If Romney Can Do It. . .The DSM 5 Changes Its Mind

Posted on May 9, 2012 by

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I’ve now received upmteen notices, through various family, friends, and psychiatric publications, that the DSM 5 has made an about-face.

It’s not the first, by a long shot. Remember the narcissists? Out one day–back in the next? That was a good switcher-oo.

And now, it seems, the Committee has dropped two diagnoses considered somewhat controversial.

One of them out on its ear is “attenuated  psychosis syndrome,” used to describe children with at high-risk of developing schizophrenia.

Apparently this one was a bit problematic since research has indicated that only about 8% of those determined to be high-risk actually go on to develop the schizophrenia–seriously undercutting the validity of the disorder. It’s kind of an ‘oops’ moment.

Wrote the Committee:

The APA is no longer considering “Attenuated Psychosis Syndrome” as a new official disorder in the DSM-5. The proposed diagnosis was supposed to help identify children at risk for developing a psychotic disorder, but research has shown that 2/3 of children who qualify as “at risk” never progress to true psychosis.

If you remember Allen Frances from previous posts, the editor of the DSM-IV, and the full-time critic of the current DSM process, he was like a cat who’d swallowed the canary when he heard about the reversal:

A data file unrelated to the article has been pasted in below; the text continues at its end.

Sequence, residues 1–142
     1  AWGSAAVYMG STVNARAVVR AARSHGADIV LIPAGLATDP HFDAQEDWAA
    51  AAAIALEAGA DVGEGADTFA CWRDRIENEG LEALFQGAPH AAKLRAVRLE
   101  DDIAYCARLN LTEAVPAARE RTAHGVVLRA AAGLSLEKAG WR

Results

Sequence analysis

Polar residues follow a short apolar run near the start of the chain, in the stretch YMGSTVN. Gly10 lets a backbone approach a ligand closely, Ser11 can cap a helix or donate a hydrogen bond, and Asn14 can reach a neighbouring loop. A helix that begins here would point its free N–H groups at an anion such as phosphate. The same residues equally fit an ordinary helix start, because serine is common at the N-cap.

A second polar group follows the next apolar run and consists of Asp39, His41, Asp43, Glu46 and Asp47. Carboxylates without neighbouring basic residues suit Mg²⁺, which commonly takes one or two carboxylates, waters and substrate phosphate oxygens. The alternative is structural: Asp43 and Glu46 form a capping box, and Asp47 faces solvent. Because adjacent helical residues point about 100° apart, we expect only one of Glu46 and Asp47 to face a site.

The world is a safer place now that ‘Psychosis Risk’ will not be in DSM-5. Its rejection saves our kids from the risk of unnecessary  exposure to antipsychotic drugs (with their side effects of obesity, diabetes,  cardiovascular problems, and shortened life expectancy). ‘Psychosis Risk’ was  the single worst DSM-5 proposal — we should all be grateful that DSM-5 has finally come to its senses in dropping it.

The second concern was with ‘mixed anxiety depressive disorder,’ which had lower criteria for both the depression and the anxiety components to meet the diagnosis, and thus would have led to over diagnosis of people who were managing without a psychiatric label.

Second update from the APA DSM-5 committee:

The APA is no longer considering “Mixed Anxiety Depressive Disorder” as a new official disorder in the DSM-5. Many psychiatrists worried that the new diagnosis was too vague and that too many people would qualify.

Under the diagnosis itself, they write,

the condition is being recommended for further study in Section III, which is the section of the DSM-5 text in which conditions that require further research will be included.

Bingo. Seems we have enough of run on our mental health system without creating diagnoses so vague that we’ve all got them.

The DSM 5 Committee actually published a “DSM-5 Draft Criteria Open for Final Public Comment,” open through June 15th, noting some changes, and providing opportunity for comment. Peruse it, and avail yourself of the opportunity.

David Kupfer, chairman of the current task force, claimed the changes made just demonstrated how the Committee was open to outside input. He said,

We have not made decisions ahead of time. I am spending 24-7 with 160 colleagues trying to do the best we can to listen to everybody.

Frances has some alternative views. He suggested the turnabouts might be:

 attributed to the combination of: 1) extensive criticism from experts in the field; 2) public outrage; 3) uniformly negative press coverage; and, 4) the abysmal results in DSM 5 field testing,

and then goes on to catalog a list of problems that the Committee should attend to post-haste, now that their eyes have been opened.

We’ll wait to see who has the last word. . .

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